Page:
Keeping Safed art alive - comment

All in all, as always, a pleasure to come to the old city of Safed amid a number of galleries and signs of artistic life.

So many synagogues –  Safed (photo credit: JACOB SOLOMON)
So many synagogues – Safed
(photo credit: JACOB SOLOMON)
With its illustrious history as a meeting point of Jewish artists and the formation of the artist’s colony in Safed, the General Exhibition reveals traces of that past as well as forging a connection to the future. This is achieved by the selection of a number of contemporary artists in Israel, particularly from the holy city of Safed. The official date given for the opening of this important gallery is 1952.
The exhibition at present is divided up into various sections that range from an early modern stylistic convention with hints of expressionism, impressionism, cubism, futurism and abstractionism, that is the modern European Western tradition. Yet in each case, one sees a peculiarly Jewish spirit and one can find this with the likes of Moshe Raviv and Leonid Zikeev’s work. This is evident I conjecture in both subject matter and method.
The next section somewhat extends the modernist influences with what might be aptly termed the geometric abstraction of the likes of Steffa Reis and Ludmila Feigen. Nevertheless, there is a twist once again and we find hard abstraction dissolving into soft organic and playful forms, though one would be pressed to define those forms and thus even verbal descriptions do not suffice. Such is the power of art, namely in the transcendence of language. It is more akin to the immaterial notion of an idea or an emotional stirring of some sort.
One then finds an intriguing section that develops the abstract theme in the work of Ilana Zimhoni, Tzion Mor and others, and I would venture to say here the abstract and the symbolic, the liminal point of the undefined and the defined interact, suggesting a narrative – and then as soon as one so determines as such – it disappears.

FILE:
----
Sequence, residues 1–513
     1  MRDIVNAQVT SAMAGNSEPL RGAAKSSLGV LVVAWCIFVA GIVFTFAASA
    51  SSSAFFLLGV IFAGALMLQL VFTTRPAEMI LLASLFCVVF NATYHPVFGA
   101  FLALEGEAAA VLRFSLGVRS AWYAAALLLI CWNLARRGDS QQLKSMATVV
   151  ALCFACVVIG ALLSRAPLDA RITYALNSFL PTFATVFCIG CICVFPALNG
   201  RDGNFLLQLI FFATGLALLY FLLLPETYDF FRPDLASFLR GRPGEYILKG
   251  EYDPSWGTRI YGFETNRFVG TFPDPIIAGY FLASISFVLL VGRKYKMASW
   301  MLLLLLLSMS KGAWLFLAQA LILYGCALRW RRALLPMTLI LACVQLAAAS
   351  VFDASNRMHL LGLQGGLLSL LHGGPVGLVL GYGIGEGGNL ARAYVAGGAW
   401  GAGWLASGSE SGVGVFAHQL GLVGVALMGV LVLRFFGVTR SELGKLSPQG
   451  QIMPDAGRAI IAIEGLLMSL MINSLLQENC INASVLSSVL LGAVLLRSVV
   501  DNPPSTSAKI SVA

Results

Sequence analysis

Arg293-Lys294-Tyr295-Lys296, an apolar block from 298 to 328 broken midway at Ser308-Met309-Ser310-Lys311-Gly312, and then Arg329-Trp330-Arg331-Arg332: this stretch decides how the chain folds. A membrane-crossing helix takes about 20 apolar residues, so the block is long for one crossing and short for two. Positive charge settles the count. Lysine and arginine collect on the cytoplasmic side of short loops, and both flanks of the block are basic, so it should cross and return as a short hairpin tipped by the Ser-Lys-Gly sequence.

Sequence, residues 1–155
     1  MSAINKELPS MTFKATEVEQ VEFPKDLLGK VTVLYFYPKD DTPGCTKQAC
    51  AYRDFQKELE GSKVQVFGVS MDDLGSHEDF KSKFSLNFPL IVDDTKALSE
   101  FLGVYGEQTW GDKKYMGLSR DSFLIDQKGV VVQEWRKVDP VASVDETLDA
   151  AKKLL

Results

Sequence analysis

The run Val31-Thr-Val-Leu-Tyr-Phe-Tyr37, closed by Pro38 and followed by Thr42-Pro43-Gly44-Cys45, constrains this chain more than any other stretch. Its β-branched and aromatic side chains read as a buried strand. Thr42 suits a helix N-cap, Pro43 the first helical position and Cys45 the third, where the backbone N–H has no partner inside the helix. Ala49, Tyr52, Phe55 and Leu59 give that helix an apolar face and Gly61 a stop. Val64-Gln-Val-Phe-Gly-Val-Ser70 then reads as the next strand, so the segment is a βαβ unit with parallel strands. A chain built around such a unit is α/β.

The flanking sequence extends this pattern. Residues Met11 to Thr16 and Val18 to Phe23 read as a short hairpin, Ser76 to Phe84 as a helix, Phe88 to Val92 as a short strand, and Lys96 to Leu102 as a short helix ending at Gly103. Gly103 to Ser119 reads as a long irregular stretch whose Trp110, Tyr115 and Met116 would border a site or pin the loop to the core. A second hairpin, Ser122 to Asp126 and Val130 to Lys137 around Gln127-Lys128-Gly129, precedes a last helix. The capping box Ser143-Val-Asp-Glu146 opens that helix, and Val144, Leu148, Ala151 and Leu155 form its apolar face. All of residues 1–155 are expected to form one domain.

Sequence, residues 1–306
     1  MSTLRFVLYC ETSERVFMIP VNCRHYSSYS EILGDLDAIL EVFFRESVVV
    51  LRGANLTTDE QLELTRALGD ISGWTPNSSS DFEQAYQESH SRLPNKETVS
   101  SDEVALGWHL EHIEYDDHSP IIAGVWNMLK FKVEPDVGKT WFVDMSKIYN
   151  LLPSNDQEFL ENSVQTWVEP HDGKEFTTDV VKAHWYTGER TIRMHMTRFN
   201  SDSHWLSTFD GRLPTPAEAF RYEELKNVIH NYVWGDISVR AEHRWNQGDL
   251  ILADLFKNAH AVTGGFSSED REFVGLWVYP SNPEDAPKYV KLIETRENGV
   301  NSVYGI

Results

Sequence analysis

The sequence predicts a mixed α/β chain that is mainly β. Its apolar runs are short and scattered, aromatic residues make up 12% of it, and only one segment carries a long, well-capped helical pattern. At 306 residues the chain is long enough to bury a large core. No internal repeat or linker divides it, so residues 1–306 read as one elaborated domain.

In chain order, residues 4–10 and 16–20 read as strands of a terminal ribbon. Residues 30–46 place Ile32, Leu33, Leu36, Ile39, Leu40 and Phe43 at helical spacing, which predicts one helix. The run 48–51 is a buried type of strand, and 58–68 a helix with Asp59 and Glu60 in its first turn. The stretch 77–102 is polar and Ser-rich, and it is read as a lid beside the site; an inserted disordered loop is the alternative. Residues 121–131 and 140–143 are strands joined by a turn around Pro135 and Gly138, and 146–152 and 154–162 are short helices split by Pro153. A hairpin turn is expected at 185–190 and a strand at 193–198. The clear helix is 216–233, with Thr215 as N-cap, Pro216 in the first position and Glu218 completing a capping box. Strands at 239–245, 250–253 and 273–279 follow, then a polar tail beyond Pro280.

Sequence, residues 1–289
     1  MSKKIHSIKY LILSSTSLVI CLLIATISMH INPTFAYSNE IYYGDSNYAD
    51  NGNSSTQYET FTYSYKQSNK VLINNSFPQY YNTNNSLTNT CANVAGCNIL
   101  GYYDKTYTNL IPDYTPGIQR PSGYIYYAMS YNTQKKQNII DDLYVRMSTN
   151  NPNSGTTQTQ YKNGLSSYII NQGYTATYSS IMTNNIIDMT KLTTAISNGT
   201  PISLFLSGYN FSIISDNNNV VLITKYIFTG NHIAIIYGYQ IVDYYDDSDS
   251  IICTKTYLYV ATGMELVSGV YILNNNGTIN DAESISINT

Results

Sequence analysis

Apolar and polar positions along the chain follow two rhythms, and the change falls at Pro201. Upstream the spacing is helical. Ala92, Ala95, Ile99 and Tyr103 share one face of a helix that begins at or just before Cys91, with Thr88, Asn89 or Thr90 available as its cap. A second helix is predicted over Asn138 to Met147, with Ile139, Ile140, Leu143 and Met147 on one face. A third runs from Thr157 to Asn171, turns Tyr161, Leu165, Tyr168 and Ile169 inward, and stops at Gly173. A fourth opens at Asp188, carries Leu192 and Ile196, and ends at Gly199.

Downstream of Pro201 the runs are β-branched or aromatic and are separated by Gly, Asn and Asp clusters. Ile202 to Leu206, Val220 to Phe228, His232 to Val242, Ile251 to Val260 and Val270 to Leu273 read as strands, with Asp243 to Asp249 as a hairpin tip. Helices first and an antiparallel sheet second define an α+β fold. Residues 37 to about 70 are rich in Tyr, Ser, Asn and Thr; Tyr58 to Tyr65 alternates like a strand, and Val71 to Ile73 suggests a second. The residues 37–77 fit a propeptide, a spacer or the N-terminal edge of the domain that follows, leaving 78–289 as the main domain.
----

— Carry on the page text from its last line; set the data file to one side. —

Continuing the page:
There is also a refreshing section of what might be called naïve art, a romantic caricature-like way of painting and presenting the subject with the likes of Efrony and some other large sculptural pieces by Mike Leaf that I really recommend actually physically coming to see. Boris Peisakov certainly fits into this sort of category, one which beautifully fulfills the quest both for the dream-like and more enduring form.
There are yet further sections – the Surreal-like imaginings of Lana Laor; the technical efficiency of Masha Orlavich whose work has the uncanny ability of appearing finished and unfinished at the same time, and contemporary reworking of the traditional still life and landscape. The latter probably consolidates the feel of the gallery: Modernist European influence; the subjectivity of the artists and his/her narrative as Jewish artists in Israel and the contemporary artistic endeavor to find creative solutions to the flux, that is, the everchanging natural and social and individual environments.
All in all, as always, a pleasure to come to the old city of Safed amid a number of galleries and signs of artistic life. However, much of the glory of such cultural expression is no longer quite there. Artists have left. Tourists are rare. Yet let’s hope, as the cloud of the plague has lifted, that Safed will be a cultural hub of Israel – and galleries such as the General Exhibition in their endeavor to preserve and inspire art making, will be a beacon of light. Art indeed can generate light.
For inquiries: The General Exhibition – 04 692 0087